After being in Jerusalem for the last couple chapters, Jesus decides it is time to head back into Galilee. His travels take him through Samaria where he meets a woman and changes her life. There is a lot that we can pull out of this chapter, and I am only going to cover a small amount of it. So pick up a Bible and join me this week.
In order to understand some of the cultural stuff happening in this opening section of the chapter, we have to know a little bit about Samaria. After the death of King Solomon, around 922 BC, the kingdom of Israel split into two divided nations, Israel to the north and Judea to the south. In the seventh century BC, Israel was completely destroyed by the Assyrians. It is often referred that this is when the 10 northern tribes became “lost.” This simply means that the tribe Assyria conquered assimilated and intermarried with their new conquers. This area is what is known during Jesus’ day as Samaria. The Samaritans are the descendants of the northern kingdom integrating with the Assyrians. So they are constantly looked down upon by the Judeans because they considered themselves to be “pure.” This is why in verse 9 the Samaritan woman is surprised that Jesus is speaking with her.
“From that city many of the Samaritans believed in Him because of the word of the woman who testified, ‘He told me all the things that I have done.’”
— John 4:39, NASB
Jesus tells the woman at the well that if she had asked, he could give her “living water” (John 4:10). This is not water that is able to breath, speak, eat, and enjoy a life. Rather, Jesus means that he could give here a way to have life and have it abundantly. He tells her, “Everyone who drinks of this water will thirst again; but whoever drinks of the water that I will give him shall never thirst; but the water that I will give him will become in him a well of water springing up to eternal life” (John 4:13-14, NASB). Paul mirrors this same idea when he writes “Once you were dead because of your disobedience and your many sins” (Ephesians 2:1, NLT). Before Christ, we are dead because of sin. We are parched in a “dry and weary land where there is no water” (Psalm 63:1, NASB). Jesus offers the woman a drink that will allow her to never thirst again, and that drink is salvation through him.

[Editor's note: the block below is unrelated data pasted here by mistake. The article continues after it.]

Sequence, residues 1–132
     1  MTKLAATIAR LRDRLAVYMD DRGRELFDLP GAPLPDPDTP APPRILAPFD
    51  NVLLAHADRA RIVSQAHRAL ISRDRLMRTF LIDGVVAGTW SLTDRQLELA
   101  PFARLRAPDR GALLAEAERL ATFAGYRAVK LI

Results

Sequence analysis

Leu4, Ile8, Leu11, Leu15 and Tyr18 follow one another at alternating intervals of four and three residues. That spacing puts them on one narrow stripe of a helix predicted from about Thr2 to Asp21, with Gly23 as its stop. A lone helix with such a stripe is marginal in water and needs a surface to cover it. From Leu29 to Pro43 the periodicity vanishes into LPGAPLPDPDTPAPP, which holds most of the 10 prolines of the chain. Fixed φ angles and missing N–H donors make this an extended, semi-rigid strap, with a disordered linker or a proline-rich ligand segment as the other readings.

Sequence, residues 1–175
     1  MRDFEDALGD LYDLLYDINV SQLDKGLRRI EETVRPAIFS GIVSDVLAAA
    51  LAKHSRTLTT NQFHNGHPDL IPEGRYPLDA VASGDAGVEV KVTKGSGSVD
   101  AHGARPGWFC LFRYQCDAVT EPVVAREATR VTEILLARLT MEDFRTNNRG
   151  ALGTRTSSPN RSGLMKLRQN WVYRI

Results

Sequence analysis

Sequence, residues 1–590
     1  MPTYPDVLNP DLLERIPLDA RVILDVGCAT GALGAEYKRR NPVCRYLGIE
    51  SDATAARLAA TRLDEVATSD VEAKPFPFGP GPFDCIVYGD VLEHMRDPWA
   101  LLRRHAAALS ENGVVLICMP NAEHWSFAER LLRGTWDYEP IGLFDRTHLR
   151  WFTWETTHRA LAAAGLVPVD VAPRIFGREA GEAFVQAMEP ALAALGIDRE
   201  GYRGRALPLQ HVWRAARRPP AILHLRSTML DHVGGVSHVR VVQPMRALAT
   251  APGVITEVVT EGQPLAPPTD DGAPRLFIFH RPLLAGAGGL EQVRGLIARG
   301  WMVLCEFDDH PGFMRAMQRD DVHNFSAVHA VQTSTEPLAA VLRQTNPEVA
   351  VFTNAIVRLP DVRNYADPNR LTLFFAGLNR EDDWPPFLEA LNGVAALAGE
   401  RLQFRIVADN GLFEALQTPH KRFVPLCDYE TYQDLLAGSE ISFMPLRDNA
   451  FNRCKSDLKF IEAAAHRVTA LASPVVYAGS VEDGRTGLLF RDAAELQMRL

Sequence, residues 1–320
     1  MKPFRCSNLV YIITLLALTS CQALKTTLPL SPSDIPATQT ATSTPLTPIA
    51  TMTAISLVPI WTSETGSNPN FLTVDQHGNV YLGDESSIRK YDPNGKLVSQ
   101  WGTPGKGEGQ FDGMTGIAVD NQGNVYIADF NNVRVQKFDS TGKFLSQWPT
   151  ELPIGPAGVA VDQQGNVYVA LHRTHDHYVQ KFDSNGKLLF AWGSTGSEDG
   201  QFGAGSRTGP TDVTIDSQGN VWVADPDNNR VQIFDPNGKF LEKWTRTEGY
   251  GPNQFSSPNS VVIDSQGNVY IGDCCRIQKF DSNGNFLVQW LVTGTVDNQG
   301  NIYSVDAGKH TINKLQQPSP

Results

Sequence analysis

“The Jews looked upon a serpent to be feed from serpents; and we look upon the death of Christ to be delivered from death.”
The interaction between Jesus and the woman continues. She asks him about the appropriate location for worship. Jesus’ response is “God is spirit, and those who worship Him must worship in spirit and truth” (John 4:24, NASB) meaning that location does not matter. The important piece of worship is that your heart is focused on God, and know Him accurately. This can very easily go off on a whole separate topic that requires another post or two, but the point that I believe Jesus is making is that worship happens because we know God accurately (today we would say according to His Word) and we worship that truth. We can get too caught up in trying to experience God, that God’s revelation no longer matters to how we understand Him. I do not think that this is “in spirit and truth,” and we need to carefully guard the object of our worship as God and not an idol.
I could go on for quite some in this chapter; there is quite a bit there. I do not want these study posts to get too crazy, as I do want you to get into the Word. If you have not been doing so, please read your Bible along with these weekly posts. I obviously prefer the New American Standard Bible, as I refer to it the most, but you can use whatever version you feel most comfortable with. Don’t have your own Bible? There are plenty of online resources you can use to read God’s Word. The couple I highly recommend are YouVersion and Bible Gateway. Both of these resources allow you to select your version, and even allow for parallel readings from other versions. If you have any questions, you can always post a comment or ask over at the Questions, Comments and Concerns page.